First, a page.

Resting-state abnormalities of posterior cingulate in autism spectrum disorder

Mei Kei LEUNG, Kwok Wai LAU

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7 Citations (Scopus)


The posterior cingulate cortex (PCC) plays pivotal roles in cognitive, social and emotional processing, as well as early neural development that supports complex interactions among different neural networks. Alterations in its local and long-range connectivity during resting state are often implicated in neuropathology of neurodevelopmental disorders such as autism spectrum disorder (ASD). ASD is characterized by social and communication deficits, as well as restricted and repetitive behaviors and interests. Individuals with ASD demonstrate persistent disturbances in cognitive and social-emotional functioning, and their PCC exhibits both local and long-range resting state abnormalities compared to typically developing healthy controls. In terms of regional metrics, only the dorsal part of the PCC showed local underconnectivity. As to long-range connectivity measures, the most replicated finding in ASD studies is the reduced functional coupling between the PCC and medial prefrontal cortex (MPFC), which may represent a core neuropathology of ASD unrelated to medication effects. Functional importance of these resting state abnormalities to ASD and directions of future study are discussed at the end of this chapter. Copyright © 2020 Elsevier Inc. All rights reserved.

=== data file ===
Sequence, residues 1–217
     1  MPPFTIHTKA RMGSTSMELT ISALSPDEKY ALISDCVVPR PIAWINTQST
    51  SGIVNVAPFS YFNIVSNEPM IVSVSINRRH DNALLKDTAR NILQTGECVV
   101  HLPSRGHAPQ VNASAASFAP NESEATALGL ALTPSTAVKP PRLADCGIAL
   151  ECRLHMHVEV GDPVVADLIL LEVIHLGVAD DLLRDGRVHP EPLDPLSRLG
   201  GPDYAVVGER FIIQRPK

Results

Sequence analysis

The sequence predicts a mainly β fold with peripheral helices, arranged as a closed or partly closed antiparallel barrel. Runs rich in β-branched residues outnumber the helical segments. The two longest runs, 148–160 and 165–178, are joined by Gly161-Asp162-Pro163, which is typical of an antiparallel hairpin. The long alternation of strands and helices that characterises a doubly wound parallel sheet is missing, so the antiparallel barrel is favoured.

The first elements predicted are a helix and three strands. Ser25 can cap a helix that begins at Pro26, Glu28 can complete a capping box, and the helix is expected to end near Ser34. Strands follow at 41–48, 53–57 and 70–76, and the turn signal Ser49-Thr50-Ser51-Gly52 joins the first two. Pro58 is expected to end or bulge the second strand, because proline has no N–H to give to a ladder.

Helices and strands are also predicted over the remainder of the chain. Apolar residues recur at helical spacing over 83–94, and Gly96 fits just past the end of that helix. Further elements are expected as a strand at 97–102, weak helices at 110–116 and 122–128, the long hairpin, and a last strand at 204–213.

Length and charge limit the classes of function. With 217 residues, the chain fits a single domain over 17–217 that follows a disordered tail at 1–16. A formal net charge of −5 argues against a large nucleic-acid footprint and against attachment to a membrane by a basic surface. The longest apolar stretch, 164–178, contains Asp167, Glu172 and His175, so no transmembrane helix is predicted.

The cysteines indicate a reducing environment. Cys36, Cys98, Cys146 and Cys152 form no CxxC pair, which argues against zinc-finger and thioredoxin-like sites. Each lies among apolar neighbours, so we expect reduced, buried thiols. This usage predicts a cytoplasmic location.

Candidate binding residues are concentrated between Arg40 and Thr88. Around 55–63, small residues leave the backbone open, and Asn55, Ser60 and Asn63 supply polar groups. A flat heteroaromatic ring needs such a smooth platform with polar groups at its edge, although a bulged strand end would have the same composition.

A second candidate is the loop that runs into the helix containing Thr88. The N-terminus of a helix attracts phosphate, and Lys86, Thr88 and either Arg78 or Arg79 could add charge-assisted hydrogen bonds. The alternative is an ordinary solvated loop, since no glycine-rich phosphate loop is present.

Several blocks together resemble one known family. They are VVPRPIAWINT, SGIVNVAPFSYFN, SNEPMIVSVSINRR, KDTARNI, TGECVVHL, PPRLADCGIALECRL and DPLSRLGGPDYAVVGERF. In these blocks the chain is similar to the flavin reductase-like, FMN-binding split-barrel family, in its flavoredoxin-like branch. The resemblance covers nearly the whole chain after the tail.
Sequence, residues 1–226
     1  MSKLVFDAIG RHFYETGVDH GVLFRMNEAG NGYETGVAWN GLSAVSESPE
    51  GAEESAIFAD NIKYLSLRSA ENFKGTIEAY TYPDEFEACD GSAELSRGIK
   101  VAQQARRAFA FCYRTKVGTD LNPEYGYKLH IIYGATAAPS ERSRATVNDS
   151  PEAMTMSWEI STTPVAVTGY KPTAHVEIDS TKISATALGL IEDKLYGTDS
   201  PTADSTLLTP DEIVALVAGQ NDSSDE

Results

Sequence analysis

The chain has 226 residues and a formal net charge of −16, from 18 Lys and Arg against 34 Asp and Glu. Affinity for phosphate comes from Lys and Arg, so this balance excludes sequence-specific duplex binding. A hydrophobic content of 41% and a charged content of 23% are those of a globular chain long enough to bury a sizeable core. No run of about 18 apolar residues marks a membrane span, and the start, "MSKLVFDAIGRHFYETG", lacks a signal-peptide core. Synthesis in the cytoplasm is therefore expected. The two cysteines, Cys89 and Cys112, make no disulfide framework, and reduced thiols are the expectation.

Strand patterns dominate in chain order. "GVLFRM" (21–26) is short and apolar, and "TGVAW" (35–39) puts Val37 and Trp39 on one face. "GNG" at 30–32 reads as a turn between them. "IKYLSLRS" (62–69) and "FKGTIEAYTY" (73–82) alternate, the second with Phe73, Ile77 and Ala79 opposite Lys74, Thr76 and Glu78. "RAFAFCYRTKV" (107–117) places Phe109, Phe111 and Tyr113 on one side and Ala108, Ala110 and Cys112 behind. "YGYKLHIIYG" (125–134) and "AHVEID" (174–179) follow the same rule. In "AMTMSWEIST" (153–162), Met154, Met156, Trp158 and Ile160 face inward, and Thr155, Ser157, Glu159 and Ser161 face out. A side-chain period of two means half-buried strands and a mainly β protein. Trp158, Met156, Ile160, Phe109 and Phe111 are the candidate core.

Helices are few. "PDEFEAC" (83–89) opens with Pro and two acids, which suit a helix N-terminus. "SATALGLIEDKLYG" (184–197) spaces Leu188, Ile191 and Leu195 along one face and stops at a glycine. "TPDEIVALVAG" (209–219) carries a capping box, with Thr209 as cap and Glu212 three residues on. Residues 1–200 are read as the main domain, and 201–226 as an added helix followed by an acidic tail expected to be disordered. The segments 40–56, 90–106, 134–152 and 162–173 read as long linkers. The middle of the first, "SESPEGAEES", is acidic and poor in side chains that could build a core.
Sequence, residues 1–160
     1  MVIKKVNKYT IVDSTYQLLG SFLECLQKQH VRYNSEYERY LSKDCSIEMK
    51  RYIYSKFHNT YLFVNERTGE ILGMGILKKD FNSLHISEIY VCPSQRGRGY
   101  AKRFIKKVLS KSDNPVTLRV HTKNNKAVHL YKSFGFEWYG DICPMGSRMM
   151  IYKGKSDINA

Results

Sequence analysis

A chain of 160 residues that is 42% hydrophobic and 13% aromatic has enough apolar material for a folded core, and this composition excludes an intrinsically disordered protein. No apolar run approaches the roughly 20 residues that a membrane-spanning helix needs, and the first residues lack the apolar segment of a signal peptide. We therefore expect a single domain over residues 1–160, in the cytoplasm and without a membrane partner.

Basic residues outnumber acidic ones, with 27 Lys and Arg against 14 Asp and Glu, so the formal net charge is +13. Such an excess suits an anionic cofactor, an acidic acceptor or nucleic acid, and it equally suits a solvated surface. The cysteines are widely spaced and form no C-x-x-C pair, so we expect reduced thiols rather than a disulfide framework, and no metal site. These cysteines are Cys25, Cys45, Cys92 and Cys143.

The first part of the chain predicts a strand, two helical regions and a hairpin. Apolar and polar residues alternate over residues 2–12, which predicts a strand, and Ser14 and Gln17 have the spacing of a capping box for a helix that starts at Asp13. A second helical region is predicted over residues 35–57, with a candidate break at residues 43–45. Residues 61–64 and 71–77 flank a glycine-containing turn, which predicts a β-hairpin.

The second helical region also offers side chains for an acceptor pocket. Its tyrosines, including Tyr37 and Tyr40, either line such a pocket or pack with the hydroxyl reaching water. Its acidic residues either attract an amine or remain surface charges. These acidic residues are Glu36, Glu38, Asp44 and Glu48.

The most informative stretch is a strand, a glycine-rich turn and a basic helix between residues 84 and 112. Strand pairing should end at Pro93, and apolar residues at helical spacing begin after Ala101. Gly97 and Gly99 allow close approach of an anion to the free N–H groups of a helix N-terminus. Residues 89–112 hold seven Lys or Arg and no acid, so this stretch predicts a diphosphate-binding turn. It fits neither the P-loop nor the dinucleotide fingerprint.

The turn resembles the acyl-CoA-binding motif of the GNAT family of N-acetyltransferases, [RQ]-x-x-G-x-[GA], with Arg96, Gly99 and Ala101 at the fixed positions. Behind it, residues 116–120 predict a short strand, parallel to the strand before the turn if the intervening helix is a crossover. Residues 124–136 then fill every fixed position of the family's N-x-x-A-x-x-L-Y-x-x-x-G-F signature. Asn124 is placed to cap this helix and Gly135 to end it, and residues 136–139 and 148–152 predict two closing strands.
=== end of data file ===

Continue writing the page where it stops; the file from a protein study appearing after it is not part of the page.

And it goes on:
Original languageEnglish
Pages (from-to)139-159
JournalProgress in Molecular Biology and Translational Science
Early online dateMay 2020
Publication statusPublished - 2020


Leung, M.-K., & Lau, W. K. W. (2020). Resting-state abnormalities of posterior cingulate in autism spectrum disorder. Progress in Molecular Biology and Translational Science, 173, 139-159. doi: 10.1016/bs.pmbts.2020.04.010


  • Posterior cingulate cortex
  • Medial prefrontal cortex
  • Autism spectrum disorder
  • Resting state
  • Functional magnetic resonance imaging


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